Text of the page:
San Marcos officially named the Mermaid Capital of Texas

Mural featuring mermaid and the San Marcos River on the back of the Root Cellar Bakery and Catering Center (City of San Marcos Photo)

Mural featuring mermaid and the San Marcos River on the back of the Root Cellar Bakery and Catering Center (City of San Marcos Photo)

SAN MARCOS, Texas (KXAN) — If you didn’t know, San Marcos kind of has a thing for mermaids, and now the city has officially been named the Mermaid Capital of Texas!

Gov. Greg Abbott signed SCR 9 on Monday, which gives the city its new designation through May 2031. It was adopted by the Texas Senate on April 19 and the Texas House on May 8 before Abbott signed.

State Sen. Judith Zaffirini and Rep. Erin Zwiener, who represent San Marcos, supported the resolution in the Texas Legislature to highlight the role San Marcos has in preserving water resources in the state.

They hope it encourages community interest in protecting the environment.

“We take a lot of pride in the San Marcos River, and we’re thankful to Sen. Zaffirini and Rep. Zwiener for recognizing that connection and bringing this resolution,” Mayor Pro Tem Melissa Derrick said in a press release. “It’s exciting to see this designation become official, and I can’t wait for all the ‘Mermania’ that will follow!”

The city has been connected with mermaids as far back as 1849, when Gen. Edward Burleson built the dam that made Spring Lake to power a mill. In 1920 A.B. Rogers bought the Burleson homestead and built a resort hotel offering glass-bottomed boat rides that allowed riders to see the bubbling springs under the water’s surface.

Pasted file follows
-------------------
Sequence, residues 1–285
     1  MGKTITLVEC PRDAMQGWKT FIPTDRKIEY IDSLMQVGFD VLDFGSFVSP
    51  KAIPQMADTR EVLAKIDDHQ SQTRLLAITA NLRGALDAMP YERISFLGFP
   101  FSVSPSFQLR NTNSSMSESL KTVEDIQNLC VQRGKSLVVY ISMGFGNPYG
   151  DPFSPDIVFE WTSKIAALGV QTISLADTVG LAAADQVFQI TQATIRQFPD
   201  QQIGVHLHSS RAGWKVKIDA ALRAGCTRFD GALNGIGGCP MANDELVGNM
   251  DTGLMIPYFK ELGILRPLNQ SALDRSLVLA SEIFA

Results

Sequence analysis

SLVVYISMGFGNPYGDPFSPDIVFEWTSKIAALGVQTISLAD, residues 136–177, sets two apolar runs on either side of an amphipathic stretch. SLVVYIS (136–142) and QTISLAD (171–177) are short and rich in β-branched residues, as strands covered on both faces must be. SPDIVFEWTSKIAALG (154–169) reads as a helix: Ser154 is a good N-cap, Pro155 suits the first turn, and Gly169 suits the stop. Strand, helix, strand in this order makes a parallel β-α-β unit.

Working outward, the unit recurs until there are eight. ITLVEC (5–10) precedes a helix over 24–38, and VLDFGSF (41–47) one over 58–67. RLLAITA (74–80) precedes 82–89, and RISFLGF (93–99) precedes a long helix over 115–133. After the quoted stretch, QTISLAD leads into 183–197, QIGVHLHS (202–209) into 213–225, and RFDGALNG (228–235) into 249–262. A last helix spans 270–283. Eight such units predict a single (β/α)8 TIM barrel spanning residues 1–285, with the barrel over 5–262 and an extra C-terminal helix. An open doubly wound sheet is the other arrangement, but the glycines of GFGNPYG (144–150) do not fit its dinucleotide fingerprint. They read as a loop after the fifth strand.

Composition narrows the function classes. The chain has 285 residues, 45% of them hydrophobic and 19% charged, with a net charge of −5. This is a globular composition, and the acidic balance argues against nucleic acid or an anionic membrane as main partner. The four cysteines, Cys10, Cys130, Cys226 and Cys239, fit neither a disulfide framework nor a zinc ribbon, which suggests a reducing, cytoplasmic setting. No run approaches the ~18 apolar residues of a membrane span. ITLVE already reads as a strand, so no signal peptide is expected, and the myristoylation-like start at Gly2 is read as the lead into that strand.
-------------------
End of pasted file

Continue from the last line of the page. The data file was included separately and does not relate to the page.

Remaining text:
The city said the Aquarena Springs amusement park was added to the property, too. “Aquamaids” took to an underwater stage to perform synchronized swimming and underwater ballet routines. The park attracted 350,000 visitors every year.

The park was taken over by Texas State University in the 90s. The Meadows Center for Water and the Environment, now located at the park, does research and develops educational programming on sustainable water management and environmental stewardship, according to the city.

The aquamaids might be gone, but the mermaid is still an important symbol of the city’s connection to natural resources in the area, including the San Marcos River.

The city has supported mermaid-themed public art, including murals and seven-foot-tall mermaid statues known as the Mermaid March. You can also find annual mermaid-themed events, including SPLASH festival, Mermaid Art Ball and the riverside Aqua Faire celebration.

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